Low temperature, fine grained, medium plastic, dark brown burning clay that melts to form glossy rich beanpot brown slip glazes at high fire reduction (cone 10) and a glossy transparent brown glaze around cone 6 oxidation (with a 20% boron frit addition e.g. Ferro 3134). Albany Slip was long been a 'standard' within the North American pottery community. It was a silty glacial clay that melted easily at high temperatures to form a 'natural glaze'. With a little frit, feldspar, lithium carbonate, or gerstley borate, it produced a wide range of earth tone glazes in middle fire oxidation. Albany Slip responded well to coloring oxides and stains to produce deep blacks, browns and even blues and it produced a low thermal expansion (to avoid crazing). At cone 10R with only a small iron addition excellent tenmoku surfaces were possible. In the late 1980s Hamill and Gillespie Co. discontinued Albany Slip leaving thousands of users with less than ideal alternatives.
In 1988 we formulated Alberta Slip as the first widely available substitute material and published the process we used to do it. It had the same chemistry and very similar firing properties as an average sample of Albany Slip (the material was somewhat variable). Alberta Slip has been proven over many years and is used by people across North America to make many stunning glazes. Other substitutes have appeared from time to time but no others have had the success of this material.
All of these mugs are made from glazes whose major component is either Alberta Slip or Ravenscrag Slip. They are all fired at cone 10R.
Like classic Albany Slip, Alberta Slip begins melting at middle temperatures and by cone 10 it produces a glossy brown in oxidation and a tenmoku in reduction. One of the major advantages of this material is the ease with which it can be adapted to different temperatures. 20% frit produces very good melting at cone 6 and 50% melts at cone 06.
Since it is basically a clay material, it generates a significant amount of gases as it decomposes during melting. However despite this it can produce stunningly smooth and defect-free surfaces (we do not have a good explanation for this).
There are some coarser particles in the material so always sieve your glazes through 80 mesh or finer before use (the increased effort to screen finer than 80 mesh is not generally worth the trouble).Since Alberta Slip is a plastic clay it dries hard but has an associated shrinkage, that means you may need to calcine part of the Alberta Slip powder (see the preparation page at AlbertaSlip.com for details). It is thus an ideal base for 'slip glazes' that are used on leather-hard ware and must shrink with the piece.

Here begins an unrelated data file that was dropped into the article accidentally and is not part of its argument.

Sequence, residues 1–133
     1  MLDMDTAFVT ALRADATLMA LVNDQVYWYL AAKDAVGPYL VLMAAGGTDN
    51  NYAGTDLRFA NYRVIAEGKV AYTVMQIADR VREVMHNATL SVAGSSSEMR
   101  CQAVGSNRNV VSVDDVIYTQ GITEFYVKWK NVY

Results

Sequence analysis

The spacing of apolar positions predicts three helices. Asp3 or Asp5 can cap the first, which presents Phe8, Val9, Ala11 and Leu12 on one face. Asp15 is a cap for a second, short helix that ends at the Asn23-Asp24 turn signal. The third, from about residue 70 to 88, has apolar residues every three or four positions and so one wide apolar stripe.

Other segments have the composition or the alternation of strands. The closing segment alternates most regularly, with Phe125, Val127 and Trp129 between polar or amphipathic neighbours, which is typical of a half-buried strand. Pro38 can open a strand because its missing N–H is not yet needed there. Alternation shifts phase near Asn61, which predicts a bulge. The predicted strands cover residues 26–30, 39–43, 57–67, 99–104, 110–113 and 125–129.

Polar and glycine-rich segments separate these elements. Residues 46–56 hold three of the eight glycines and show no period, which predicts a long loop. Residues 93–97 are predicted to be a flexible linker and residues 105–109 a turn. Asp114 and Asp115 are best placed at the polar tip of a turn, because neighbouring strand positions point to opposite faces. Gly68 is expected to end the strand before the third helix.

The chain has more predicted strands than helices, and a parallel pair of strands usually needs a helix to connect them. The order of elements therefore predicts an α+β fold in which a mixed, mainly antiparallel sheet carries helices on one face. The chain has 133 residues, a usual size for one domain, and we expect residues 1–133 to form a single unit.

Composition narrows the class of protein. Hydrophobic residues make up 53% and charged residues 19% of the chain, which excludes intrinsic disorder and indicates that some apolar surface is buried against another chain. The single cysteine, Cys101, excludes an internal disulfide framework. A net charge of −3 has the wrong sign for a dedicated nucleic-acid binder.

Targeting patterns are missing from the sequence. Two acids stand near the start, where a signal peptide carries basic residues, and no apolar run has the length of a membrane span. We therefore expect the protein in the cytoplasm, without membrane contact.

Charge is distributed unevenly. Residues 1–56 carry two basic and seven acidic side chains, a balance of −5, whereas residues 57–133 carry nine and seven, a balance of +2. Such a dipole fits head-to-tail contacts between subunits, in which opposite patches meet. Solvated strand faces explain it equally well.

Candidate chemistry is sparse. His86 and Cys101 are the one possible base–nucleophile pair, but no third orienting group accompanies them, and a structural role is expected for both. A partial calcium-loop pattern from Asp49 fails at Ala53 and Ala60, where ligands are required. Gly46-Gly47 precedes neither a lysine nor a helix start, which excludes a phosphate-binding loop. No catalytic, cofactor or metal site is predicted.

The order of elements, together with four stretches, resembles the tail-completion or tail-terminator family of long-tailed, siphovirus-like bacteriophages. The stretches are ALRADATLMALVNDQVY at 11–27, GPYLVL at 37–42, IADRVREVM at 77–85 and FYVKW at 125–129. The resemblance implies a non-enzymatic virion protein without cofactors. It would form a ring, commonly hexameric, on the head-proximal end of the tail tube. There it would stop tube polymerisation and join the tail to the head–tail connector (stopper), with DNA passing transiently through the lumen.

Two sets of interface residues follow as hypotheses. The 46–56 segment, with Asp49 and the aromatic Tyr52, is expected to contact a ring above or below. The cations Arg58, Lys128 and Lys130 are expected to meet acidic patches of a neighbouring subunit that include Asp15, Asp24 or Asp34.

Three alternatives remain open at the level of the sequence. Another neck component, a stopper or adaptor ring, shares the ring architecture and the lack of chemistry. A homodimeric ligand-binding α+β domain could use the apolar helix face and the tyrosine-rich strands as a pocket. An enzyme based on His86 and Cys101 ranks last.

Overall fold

Like Albany Slip, Alberta Slip has a low thermal expansion. Thus glazes will tend to be craze free. However, if you use significant lithium carbonate as a flux with this material, be advised that it can shift the already low expansion enough to produce shivering, a hazardous situation for both user and maker alike.
Our melt flow tests show that Alberta Slip displays the same characteristic blistering as Albany in fast firings, however, it does not melt quite as vigorously (although it does flow as well). In addition, Alberta slip is not as inherently fine and silty as Albany. Alberta slip will tend to gel glaze suspensions a little more than Albany did and it does not deflocculate easily.
Since Alberta Slip is already dark glossy firing, it is an ideal base for dark shiny colors because less colorant is needed. It can be used 'as is' for high temperature glossy brown glazes and with small additions of flux (i.e. 15% frit 3134, or 20-30 feldspar or nepheline, or 5-10% Gerstley borate) it works well down to cone 6 or lower. Since the dark color is an important reason for using Alberta Slip it is best to dilute it with as little flux as possible.
Alberta Slip provides one of the best ways to create difficult-to-make black glazes. As little as 2-5% combined cobalt oxide, copper oxide, black stain, etc. can be employed to make range of excellent glossy blacks. Tom Coleman, for example, uses 30% nepheline syenite and 4.5% cobalt carbonate for a satin cone 10 black. The more fluid the glaze (i.e. more frit) the more the likelihood of crystalline effects. If minimum melter is used gunmetal black glazes can be achieved.
In the past variegated crystal green glazes were made with addition of around 5% rutile (and frit if needed). This works also with Alberta slip.
A classic cone 6 variegated brown recipe used Albany was 10 lithium carbonate, 5% tin, and 85% Albany. This works well with Alberta Slip, however like Albany, it can shiver on some bodies. You might try substituting some boron frit for some of the lithium or use a body of lower thermal expansion.
Visit the following page for information on variegating, opacifying and coloring glazes: Variegating Glazes.
For glaze recipes for Cone 10 and 6, please go to AlbertaSlip.com.
Getting a Sample: On our home page, please click on "dealers" for a listing of where Plainsman Clays can be purchased. In the US please contact The Archie Bray Foundation for a listing of Alberta Slip suppliers in your area.
Drying Shrinkage: 5.0-6.0%
Cone 6: 3.0-4.0 cm Cone 8: 5.0-6.0 cm Cone 10: 7.0-8.0 cm
Sieve Analysis (Tyler mesh):
+100: 0.0-0.1% 100-150: 0.3-0.6 150-200: 1.5-2.5 200-325: 4.5-6.0
The analysis of this material has changed in 2013, not because the material changed, but because we have switched to an actual assay for a calcuated analysis.
CaO 5.9 K2O 3.5 MgO 3.9 Na2O 2.2 TiO2 0.3 Al2O3 15.2 P2O5 0.1 SiO2 53.54 Fe2O3 4.5 LOI 9.2%
H450 mugs fired at cone 10R with pure Alberta Slip on the outsides, G1947U transparent (left) and pure Ravenscrag Slip on the insides. By Tony Hansen.
Safety Data SheetClick here for web view (format adheres to Globally Harmonized System of Classification and Labelling of Chemicals - GHS)